August 17, 2020
The Poor People’s Campaign maintained its pressure on Senate Majority Leader Mitch McConnell for the third week in a row, demanding that he pass a COVID-19 relief bill that helps all people and protects the U.S. Postal Service.
Speakers for the third Moral Monday March on McConnell included Kentucky residents who will be disenfranchised if they can’t vote by mail; Elizabeth Powell, secretary-treasurer of the American Postal Workers Union; and actress and activist Jane Fonda, along with the campaign co-chairs, Rev. Dr. William J. Barber II and Rev. Dr. Liz Theoharis.
“Mitch McConnell for as long as he’s been in office, as long as he’s been the Senate Majority leader, has been trying to sabotage this country,” said Darlene Whitlow, a retired postal worker from Bowling Green, Kentucky. “And his newest target is the post office. He’s trying to commit a new form of voter suppression by not supporting the post office.”
In addition to having people call McConnell’s office, the Poor People’s Campaign: A National Call for Moral Revival is asking them to sign a petition for a fair and just COVID-19 relief bill.
In May, the U.S. House passed a bill that included $25 billion for the U.S. Postal Service, which typically doesn’t receive taxpayer money, as part of a larger COVID-19 stimulus package.
In refusing to let the U.S. Senate vote on the bill, McConnell is engaging in voter suppression because voters have the right to mail their ballots and know they will be counted.
The House was scheduled to vote Monday on a stand-alone bill to help the USPS, which is so cash-strapped that it could run out of money by the end of September without taxpayer help.
“We’ve got a problem with Mitch McConnell,” Powell said. “He’s been holding back everything that can help the post office and postal workers since day one.”
Fonda told the activists at the Moral Monday that they “need to rise up like a disturbed hornet’s nest and make the Trump administration sorry they ever thought to mess with the U.S. Post Office. … It’s essential for the smooth running of our democracy.”
Activists in Kentucky demanded that the campaign expose McConnell as the “grim reaper” that he is — words that he used to describe himself and a description that led Rev. Barber to describe the Senate majority leader as “arrogant and mean.”
“We need to expose what is going on — his mayhem, his meanness and the misery that he’s causing,” Rev. Barber said.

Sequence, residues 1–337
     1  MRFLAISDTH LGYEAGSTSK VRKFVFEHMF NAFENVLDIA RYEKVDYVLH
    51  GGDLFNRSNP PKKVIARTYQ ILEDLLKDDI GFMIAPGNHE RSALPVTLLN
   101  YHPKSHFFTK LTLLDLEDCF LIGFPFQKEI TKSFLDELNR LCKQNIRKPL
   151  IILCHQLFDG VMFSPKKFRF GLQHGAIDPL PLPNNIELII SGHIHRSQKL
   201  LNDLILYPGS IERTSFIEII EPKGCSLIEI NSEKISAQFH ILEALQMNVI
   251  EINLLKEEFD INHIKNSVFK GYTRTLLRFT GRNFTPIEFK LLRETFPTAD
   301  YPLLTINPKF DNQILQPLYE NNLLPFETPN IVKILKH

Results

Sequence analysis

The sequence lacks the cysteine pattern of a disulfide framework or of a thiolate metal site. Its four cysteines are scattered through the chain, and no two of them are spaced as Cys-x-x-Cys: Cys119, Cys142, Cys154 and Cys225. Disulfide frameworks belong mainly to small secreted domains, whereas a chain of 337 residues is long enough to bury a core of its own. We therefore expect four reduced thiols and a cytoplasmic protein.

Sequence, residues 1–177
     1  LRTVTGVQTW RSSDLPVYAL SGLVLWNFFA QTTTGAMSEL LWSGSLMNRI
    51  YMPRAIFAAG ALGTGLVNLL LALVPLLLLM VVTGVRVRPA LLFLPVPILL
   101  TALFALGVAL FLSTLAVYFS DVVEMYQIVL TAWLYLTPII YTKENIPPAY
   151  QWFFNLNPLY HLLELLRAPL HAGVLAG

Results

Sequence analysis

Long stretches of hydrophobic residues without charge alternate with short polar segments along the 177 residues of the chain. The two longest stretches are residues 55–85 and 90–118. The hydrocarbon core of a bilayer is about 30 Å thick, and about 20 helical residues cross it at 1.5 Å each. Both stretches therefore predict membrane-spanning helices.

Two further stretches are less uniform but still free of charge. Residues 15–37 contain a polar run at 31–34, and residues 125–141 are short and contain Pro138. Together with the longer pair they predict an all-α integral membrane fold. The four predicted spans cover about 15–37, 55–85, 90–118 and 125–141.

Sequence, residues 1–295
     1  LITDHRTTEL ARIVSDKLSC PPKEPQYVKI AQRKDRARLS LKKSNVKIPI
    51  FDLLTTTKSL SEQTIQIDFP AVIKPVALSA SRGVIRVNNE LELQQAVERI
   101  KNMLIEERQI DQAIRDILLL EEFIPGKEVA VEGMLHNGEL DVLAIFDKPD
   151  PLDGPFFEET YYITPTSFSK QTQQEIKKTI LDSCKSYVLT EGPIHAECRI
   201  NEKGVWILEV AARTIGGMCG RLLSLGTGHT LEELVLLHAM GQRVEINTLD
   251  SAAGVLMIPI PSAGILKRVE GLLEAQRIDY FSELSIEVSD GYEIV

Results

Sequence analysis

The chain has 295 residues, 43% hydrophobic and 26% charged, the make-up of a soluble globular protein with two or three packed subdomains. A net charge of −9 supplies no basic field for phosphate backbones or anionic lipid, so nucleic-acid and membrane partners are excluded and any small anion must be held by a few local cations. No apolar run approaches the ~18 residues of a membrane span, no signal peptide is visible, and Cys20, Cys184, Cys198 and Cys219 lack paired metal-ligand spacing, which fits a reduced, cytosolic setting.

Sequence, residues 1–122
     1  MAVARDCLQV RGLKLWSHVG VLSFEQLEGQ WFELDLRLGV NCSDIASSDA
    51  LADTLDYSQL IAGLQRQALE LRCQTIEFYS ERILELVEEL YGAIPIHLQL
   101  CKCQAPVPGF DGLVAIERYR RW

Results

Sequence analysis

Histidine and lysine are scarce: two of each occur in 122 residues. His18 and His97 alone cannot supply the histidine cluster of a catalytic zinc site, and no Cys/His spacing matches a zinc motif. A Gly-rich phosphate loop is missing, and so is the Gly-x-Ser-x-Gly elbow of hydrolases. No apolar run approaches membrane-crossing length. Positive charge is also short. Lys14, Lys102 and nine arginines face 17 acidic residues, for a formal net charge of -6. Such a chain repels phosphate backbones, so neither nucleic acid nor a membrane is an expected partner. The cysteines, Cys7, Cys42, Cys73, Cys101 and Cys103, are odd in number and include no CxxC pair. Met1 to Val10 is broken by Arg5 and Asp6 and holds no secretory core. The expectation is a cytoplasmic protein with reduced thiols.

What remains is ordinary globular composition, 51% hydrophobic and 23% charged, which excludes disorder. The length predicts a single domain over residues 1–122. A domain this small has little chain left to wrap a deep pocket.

The USPS “is a bulwark of our democracy,” Rev. Theoharis said. “The post office delivers life saving medicine to elders; it employs large numbers of Black Americans with better wages and working conditions and has since the Reconstruction. And in this pandemic, it could literally be a lifesaver to voters who are too sick or too afraid to vote in person.”
Sarah Anderson, director of the global economy project at the Institute for Policy Studies, said McConnell is key to getting money for the USPS.
“He’s the key obstacle in between the demands we’ve all been pushing to actually seeing them” made into law, she said, adding that Trump most recently said he wouldn’t veto a bill that includes money for the USPS.
“Mitch McConnell is key to saving our public postal service,” she said.
Debbie Smith of Independence, Kentucky, has a rare lung disease associated with lupus. It took her eight months to get approved for a medication, and now its delivery is delayed by the USPS slowdown. Due to her compromised health, she can’t risk going out to vote in a crowded place with COVID-19 and the flu season coming up.
“If they don’t let me vote by mail then I won’t be able to vote,” she said.
Campaign activist Tayna Fogle spoke from her hospital bed, imploring people to flood McConnell’s office in Washington, D.C., and Kentucky with phone calls.
“From the ‘hood to the holler, let’s stand together,” she said. “If you do not vote, we cannot change anything. It’s time to put him in his rocking chair.”
McConnell sent U.S. senators home on vacation rather than allow a vote on the COVID-19 bill that helps the USPS and people at the bottom of the economic ladder. Activists don’t have that same luxury, Rev. Barber said.
“Vacation? Well, we’re not going to take a vacation,” Rev. Barber said. “We can’t take a vacation. The democracy is at stake. We need you to call; we need you to sign; and we need you to vote.”
Contact: Martha Waggoner | [email protected]
The Poor People’s Campaign: A National Call for Moral Revival, is building a broad and deep moral fusion movement rooted in the leadership of poor people to unite our country from the bottom up. We demand that both major political parties address the interlocking injustices of systemic racism, poverty, ecological devastation, militarism and the distorted moral narrative of religious nationalism. Our updated agenda, A Moral Policy Agenda to Heal America: the Poor People’s Jubilee Platform, addresses these issues.